In order to bring an employment lawsuit, sometimes the employer must have a minimum number of employees to bring a claim. For example, under the Age Discrimination in Employment Act (ADEA), the law that prohibits age discrimination and retaliation, the employer generally must have twenty or more employees. 29 U.S.C. § 630(b).
The Supreme Court recently agreed to hear a case to decide if employers with fewer than twenty employees can be considered “employers” if they are a state or political subdivision of a state. It is unclear if the political entity must also have twenty or more employees. The Seventh Circuit, which includes Illinois, found the state or political subdivision of a state must also have twenty or more employees. Kelly v. Wauconda Park Dist., 801 F.2d 269, 270 (7th Cir. 1986).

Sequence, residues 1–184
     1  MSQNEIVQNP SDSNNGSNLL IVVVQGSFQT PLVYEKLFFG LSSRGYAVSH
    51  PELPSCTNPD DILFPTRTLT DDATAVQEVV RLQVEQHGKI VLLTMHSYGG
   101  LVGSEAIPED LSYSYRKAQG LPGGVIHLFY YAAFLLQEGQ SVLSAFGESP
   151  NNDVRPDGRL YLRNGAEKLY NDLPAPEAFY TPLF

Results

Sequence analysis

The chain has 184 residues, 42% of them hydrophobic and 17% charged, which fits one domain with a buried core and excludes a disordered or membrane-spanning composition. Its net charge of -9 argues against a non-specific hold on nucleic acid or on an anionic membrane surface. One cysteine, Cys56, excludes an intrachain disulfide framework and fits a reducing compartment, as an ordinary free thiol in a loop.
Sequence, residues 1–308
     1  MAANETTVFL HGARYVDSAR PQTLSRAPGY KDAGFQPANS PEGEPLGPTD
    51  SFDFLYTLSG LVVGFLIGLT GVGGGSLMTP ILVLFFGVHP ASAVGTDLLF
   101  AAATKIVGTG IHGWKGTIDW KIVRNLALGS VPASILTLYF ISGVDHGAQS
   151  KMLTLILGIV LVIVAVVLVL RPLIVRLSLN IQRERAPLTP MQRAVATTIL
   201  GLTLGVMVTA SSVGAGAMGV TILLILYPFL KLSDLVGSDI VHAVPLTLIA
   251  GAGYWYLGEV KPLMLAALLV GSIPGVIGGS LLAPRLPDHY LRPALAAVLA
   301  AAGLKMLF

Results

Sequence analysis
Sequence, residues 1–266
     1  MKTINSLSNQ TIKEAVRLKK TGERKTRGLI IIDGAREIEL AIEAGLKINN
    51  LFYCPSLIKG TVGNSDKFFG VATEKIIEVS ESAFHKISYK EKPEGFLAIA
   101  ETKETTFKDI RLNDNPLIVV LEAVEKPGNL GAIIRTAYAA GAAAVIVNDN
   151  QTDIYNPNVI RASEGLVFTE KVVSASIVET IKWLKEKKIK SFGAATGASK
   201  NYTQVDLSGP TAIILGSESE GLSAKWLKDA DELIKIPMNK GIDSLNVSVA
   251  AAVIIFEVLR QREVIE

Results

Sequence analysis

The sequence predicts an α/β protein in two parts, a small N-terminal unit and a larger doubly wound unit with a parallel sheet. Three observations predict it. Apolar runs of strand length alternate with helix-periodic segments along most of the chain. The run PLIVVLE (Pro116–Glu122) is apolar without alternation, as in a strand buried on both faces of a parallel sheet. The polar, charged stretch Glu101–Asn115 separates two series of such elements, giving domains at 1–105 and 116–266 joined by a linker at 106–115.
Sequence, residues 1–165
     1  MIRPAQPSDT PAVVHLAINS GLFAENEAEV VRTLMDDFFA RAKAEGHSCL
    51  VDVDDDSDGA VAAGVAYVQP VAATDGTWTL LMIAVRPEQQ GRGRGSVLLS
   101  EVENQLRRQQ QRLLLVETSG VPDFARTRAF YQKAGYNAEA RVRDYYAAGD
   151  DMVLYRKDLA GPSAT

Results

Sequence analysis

Many other laws require a company to have a minimum amount of employees to bring an employment lawsuit, such as wrongful termination. To bring a claim for most forms of discrimination (other than age) under federal and Illinois law, the employer must have at least fifteen employees. However, under claims for disability discrimination, pregnancy discrimination, and sexual harassment under Illinois law, there is no minimum amount of employees. To bring a claim under the Family and Medical Leave Act, the employer must have fifty or more employees.
If you think you have a legal claim against your employer, contact an experienced employment attorney to learn if you may have a case. The right attorney should know which laws apply to your specific case.